Contest Seeks Tool To Help Patients Navigate Medicare Pay Data
April 10, 2014 in News
On Thursday, the Office of the National Coordinator for Health IT announced a software developer competition aimed at creating tools that will assist patients in reviewing newly released Medicare physician payment data, Health Data Management reports (Goedert, Health Data Management, 4/10).
About the Data
On Wednesday, CMS posted online data on physician payments made under Medicare Part B in 2012.
Specifically, the data include:
- Physicians’ names and addresses;
- Summaries of the services provided; and
- The amount providers were paid for the services.
The data do not include any patient information. Further, CMS will not release any information on providers with fewer than 11 patients who are Medicare beneficiaries.
Overall, the data break down $77 billion in Medicare payments to more than 880,000 health care providers in 2012, including $12 billion for about 214 million office and outpatient visits (iHealthBeat, 4/9).
The goal of the contest — called the Data Supporting Decisions Challenge — is to take the raw data and present it in ways that consumers can easily understand, according to a notice published in the Federal Register.
Specifically, ONC is seeking interactive data visualization tools that convey “complex data from multiple sources in ways that support consumer decisions for making value-based health care decisions.”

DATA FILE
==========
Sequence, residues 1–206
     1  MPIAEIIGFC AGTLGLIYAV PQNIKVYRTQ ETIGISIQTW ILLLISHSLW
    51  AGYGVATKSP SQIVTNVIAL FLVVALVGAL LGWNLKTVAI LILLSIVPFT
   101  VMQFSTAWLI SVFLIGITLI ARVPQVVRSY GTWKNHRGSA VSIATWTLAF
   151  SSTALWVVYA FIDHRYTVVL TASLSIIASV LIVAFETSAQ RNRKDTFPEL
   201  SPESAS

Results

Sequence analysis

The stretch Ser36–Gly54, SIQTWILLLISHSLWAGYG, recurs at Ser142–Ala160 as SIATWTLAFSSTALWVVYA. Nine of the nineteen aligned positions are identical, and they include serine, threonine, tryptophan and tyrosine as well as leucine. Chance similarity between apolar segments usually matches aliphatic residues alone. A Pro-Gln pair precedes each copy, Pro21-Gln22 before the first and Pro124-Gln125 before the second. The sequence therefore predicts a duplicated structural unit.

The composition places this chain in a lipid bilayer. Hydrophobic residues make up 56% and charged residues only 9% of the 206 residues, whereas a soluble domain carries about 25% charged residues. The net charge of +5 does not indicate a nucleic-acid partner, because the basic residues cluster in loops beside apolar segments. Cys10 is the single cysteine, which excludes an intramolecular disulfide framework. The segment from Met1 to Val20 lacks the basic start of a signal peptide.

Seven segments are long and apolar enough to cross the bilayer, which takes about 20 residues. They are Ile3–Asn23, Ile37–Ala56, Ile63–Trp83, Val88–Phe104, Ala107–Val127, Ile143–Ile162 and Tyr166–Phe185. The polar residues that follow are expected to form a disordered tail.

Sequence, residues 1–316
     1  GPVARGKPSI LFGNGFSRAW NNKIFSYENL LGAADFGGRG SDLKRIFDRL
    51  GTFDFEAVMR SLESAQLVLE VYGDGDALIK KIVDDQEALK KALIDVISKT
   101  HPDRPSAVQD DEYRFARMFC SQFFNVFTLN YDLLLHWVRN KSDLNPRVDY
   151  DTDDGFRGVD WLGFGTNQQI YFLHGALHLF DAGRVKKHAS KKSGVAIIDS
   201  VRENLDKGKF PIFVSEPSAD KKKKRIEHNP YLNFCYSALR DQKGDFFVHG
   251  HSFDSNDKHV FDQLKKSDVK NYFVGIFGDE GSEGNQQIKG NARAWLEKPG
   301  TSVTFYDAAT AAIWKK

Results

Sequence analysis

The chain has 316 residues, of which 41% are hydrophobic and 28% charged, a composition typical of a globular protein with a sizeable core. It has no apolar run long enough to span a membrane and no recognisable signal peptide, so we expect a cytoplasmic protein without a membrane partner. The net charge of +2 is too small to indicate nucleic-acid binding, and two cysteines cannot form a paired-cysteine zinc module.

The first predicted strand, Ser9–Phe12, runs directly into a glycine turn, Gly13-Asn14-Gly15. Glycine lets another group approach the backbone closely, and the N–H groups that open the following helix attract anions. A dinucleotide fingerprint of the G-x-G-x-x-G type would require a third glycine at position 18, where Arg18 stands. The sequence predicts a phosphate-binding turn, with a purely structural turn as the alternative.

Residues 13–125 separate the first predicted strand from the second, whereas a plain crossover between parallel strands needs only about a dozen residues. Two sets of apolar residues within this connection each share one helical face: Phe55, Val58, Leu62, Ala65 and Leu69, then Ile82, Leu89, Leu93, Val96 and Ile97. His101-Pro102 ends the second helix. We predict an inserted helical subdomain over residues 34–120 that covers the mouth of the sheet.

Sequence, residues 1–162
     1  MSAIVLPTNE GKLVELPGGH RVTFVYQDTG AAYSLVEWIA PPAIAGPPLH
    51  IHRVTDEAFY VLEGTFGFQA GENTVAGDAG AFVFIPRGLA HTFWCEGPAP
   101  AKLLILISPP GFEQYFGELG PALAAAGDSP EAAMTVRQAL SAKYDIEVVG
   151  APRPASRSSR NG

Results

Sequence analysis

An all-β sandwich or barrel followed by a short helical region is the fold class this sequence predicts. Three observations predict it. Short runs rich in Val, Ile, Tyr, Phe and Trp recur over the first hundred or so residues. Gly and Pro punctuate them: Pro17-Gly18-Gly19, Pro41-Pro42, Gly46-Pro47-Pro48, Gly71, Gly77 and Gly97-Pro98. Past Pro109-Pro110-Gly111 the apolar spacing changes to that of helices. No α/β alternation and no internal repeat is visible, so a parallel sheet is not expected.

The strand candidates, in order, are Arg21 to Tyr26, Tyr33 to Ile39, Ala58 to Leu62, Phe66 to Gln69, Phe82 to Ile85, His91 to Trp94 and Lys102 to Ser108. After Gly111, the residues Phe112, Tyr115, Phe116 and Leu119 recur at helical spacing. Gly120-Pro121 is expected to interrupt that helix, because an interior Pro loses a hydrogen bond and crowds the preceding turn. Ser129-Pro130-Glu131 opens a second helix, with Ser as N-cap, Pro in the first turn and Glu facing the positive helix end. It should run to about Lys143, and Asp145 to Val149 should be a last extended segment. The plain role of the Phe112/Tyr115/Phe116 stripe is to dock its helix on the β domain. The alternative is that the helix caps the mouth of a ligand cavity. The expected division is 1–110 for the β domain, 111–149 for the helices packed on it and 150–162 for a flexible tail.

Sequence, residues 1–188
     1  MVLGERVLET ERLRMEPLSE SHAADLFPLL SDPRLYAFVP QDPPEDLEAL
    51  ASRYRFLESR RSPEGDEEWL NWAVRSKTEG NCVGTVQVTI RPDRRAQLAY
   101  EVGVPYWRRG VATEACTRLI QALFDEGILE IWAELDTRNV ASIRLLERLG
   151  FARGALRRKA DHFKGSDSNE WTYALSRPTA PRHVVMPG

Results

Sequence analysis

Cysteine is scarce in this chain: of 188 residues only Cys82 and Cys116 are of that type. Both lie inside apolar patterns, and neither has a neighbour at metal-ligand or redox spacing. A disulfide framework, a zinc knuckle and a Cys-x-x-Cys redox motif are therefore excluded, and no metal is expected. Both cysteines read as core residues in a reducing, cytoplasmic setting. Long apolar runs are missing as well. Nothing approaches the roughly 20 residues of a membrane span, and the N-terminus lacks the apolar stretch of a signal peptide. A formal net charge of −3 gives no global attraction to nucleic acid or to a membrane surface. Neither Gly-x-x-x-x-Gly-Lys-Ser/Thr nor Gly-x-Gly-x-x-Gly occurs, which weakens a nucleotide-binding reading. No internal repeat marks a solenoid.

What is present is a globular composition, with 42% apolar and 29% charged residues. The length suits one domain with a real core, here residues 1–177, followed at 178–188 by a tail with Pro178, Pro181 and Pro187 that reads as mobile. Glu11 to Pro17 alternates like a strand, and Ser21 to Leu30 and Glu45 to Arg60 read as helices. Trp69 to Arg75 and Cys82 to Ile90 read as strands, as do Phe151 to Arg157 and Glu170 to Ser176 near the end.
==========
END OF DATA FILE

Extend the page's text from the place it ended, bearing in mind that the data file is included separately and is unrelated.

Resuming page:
ONC noted that the tools should help consumers make health care-related decisions, such as referrals. Consumers should be able to enter their own health and claims data.
The tools should focus on:
- Services offered in facility and office settings; and
- Payment and charges data.
Developers can submit their projects to ONC beginning April 14. Finalists will then demonstrate their projects during the June Datapalooza conference, at which time winners will be announced (Health Data Management, 4/10).
Physician Groups Comment on Data Release
Meanwhile, physician groups have criticized the data release, saying a lack of contextual information makes the data misleading, Healthcare IT News reports.
While the American Medical Association noted the need for payment transparency, AMA President Ardis Dee Hoven added, “We believe that the broad data dump … has significant short-comings regarding the accuracy and value of the medical services rendered by physicians.” Hoven added, “Releasing the data without context will likely lead to inaccuracies, misinterpretations, false conclusions and other unintended consequences” (Irving, Healthcare IT News, 4/9).
In addition, the Medical Group Management Association raised concerns about “physician privacy, as releasing physician’s personal financial data and National Provider Identifier (NPI) information could make providers susceptible to fraud” (Murphy, EHR Intelligence, 4/9).